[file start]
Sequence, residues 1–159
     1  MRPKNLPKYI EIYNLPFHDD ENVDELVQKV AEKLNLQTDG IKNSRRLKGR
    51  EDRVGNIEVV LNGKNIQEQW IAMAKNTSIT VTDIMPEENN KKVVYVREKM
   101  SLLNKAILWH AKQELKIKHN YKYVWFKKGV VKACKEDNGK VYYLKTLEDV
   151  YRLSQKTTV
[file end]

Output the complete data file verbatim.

Sequence, residues 1–159
     1  MRPKNLPKYI EIYNLPFHDD ENVDELVQKV AEKLNLQTDG IKNSRRLKGR
    51  EDRVGNIEVV LNGKNIQEQW IAMAKNTSIT VTDIMPEENN KKVVYVREKM
   101  SLLNKAILWH AKQELKIKHN YKYVWFKKGV VKACKEDNGK VYYLKTLEDV
   151  YRLSQKTTV